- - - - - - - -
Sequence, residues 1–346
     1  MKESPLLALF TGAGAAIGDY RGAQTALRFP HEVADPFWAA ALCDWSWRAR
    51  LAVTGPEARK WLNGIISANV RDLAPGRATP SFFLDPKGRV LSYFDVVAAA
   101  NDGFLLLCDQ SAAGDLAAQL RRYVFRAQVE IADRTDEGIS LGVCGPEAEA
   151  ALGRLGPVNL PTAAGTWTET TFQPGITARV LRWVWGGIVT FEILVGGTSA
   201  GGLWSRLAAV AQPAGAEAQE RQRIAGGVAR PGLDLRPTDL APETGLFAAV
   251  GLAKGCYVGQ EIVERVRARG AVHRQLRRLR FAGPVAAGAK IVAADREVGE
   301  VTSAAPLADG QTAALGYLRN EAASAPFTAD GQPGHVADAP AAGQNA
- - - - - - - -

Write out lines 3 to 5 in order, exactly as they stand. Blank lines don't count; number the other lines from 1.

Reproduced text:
    51  LAVTGPEARK WLNGIISANV RDLAPGRATP SFFLDPKGRV LSYFDVVAAA
   101  NDGFLLLCDQ SAAGDLAAQL RRYVFRAQVE IADRTDEGIS LGVCGPEAEA
   151  ALGRLGPVNL PTAAGTWTET TFQPGITARV LRWVWGGIVT FEILVGGTSA